Receiving and Accepting Public Information Despite Polarization: Key to Overcoming COVID-19 (RAPID-COVID)

  • Funded by Bundesministerium für Bildung und Forschung [German Federal Ministry of Education and Research] (BMBF)
  • Total publications:0 publications

Grant number: 01KI20539

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Key facts

  • Disease

    COVID-19
  • Start & end year

    2020
    2021
  • Known Financial Commitments (USD)

    $314,840.74
  • Funder

    Bundesministerium für Bildung und Forschung [German Federal Ministry of Education and Research] (BMBF)
  • Principle Investigator

    Pending
  • Research Location

    Germany, Europe
  • Lead Research Institution

    Freie Universität Berlin
  • Research Category

    Policies for public health, disease control & community resilience

  • Research Subcategory

    Approaches to public health interventions

  • Special Interest Tags

    Gender

  • Study Subject

    Non-Clinical

  • Clinical Trial Details

    N/A

  • Broad Policy Alignment

    Pending

  • Age Group

    Unspecified

  • Vulnerable Population

    Unspecified

  • Occupations of Interest

    Unspecified

Abstract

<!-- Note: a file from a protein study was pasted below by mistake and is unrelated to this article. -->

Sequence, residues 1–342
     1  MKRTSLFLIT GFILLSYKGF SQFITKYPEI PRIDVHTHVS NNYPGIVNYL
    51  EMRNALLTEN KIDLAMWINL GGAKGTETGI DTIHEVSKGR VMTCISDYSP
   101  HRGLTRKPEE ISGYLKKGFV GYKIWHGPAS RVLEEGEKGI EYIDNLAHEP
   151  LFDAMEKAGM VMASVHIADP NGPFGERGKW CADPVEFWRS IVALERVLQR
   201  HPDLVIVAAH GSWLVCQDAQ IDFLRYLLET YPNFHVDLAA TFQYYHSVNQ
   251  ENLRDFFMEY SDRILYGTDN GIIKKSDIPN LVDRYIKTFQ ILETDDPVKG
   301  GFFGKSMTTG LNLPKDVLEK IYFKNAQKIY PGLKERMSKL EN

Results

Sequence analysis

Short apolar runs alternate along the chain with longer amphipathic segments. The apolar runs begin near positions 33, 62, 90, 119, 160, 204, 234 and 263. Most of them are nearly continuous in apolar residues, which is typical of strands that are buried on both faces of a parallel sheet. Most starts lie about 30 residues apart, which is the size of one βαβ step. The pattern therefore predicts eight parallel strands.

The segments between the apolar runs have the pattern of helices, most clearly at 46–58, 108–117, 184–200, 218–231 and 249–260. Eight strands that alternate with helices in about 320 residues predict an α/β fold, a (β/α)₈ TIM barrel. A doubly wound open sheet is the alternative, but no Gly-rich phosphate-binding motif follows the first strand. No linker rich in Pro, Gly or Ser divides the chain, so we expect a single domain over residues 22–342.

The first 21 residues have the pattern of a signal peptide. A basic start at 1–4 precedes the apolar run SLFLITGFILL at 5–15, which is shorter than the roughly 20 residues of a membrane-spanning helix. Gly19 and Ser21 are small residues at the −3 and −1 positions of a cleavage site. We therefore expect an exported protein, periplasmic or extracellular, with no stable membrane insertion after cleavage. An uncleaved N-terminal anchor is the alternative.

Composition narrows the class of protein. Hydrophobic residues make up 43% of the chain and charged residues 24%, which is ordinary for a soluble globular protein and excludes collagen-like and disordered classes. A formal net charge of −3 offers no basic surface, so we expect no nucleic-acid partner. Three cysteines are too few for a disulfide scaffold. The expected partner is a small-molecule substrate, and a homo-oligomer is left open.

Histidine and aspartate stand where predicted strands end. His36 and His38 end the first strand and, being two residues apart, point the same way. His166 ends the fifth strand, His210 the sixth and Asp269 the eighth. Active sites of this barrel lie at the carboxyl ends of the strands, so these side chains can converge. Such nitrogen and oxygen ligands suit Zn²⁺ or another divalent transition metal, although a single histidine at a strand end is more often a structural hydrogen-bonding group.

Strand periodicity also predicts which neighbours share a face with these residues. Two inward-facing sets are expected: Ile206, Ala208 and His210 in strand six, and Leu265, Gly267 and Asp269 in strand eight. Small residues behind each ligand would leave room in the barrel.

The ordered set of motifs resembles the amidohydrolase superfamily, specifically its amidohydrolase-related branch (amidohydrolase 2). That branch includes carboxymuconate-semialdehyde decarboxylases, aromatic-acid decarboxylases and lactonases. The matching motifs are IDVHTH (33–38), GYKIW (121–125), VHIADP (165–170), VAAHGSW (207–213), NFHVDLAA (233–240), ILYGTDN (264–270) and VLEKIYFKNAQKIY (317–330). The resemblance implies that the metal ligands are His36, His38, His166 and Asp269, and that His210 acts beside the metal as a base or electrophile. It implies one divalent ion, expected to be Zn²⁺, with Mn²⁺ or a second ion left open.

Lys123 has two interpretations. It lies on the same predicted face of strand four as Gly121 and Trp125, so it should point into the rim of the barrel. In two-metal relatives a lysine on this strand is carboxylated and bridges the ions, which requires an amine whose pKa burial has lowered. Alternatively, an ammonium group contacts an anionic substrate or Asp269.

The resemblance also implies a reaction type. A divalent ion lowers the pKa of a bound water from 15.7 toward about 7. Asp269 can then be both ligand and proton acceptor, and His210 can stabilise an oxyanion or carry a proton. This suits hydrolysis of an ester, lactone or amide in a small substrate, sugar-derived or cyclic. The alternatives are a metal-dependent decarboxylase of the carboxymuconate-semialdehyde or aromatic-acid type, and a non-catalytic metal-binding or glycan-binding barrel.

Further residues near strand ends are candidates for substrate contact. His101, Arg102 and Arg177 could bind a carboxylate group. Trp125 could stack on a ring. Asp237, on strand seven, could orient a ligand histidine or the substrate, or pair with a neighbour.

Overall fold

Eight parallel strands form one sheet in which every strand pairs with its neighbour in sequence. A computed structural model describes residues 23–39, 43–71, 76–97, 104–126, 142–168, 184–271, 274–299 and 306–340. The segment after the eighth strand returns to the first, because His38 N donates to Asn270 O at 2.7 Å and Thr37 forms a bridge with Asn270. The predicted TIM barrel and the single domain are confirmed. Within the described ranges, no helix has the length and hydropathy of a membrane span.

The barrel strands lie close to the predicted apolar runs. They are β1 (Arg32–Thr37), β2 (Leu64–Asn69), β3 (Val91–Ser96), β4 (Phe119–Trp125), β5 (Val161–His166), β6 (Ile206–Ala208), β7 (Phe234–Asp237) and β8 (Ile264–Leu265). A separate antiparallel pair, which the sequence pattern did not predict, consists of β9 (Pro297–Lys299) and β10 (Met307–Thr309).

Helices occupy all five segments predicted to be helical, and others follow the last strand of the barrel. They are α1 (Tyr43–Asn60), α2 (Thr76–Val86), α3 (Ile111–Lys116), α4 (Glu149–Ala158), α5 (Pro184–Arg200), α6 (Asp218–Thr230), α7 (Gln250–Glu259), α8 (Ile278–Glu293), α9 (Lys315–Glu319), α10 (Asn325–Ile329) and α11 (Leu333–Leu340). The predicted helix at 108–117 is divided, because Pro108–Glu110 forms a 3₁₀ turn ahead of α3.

RAPID-COVID is designed to produce insights about the information level about COVID-19 and the willingness to accept authoritative decisions to cope with the pandemic. The project is located at the intersection of political communication, political psychology, and political culture studies. We link research on media usage, campaign effects, populism and protest studies, to enhance our understanding how the information landscape interacts with individual predispositions to structure response patterns to the pandemic. Our aim is to provide insights into the processes at work - insights that can be rapidly used against the spread of the virus. We focus on six research questions: 1. Do citizens receive necessary and correct COVID-19 related information? Do they feel subjectively well informed and taken care of? 2. Do (problematic) differences in information levels exist between different segments of society? What are potential remedies to cure them? 3. How do citizens process information they receive? Which features of senders, messages, recipients, and contexts matter? 4. How widespread are feelings of discontent concerning measures to limit the spread of the virus? Does discontent grow over time? 5. What are the reasons for discontent? 6. Under which circumstances does discontent lead to non-compliance? To understand the distribution as well as the (causal) dynamics of COVID19-related information with respect to citizens, we propose to implement a three-wave longitudinal panel survey that is further enriched by survey experiments and paralleling cross sections.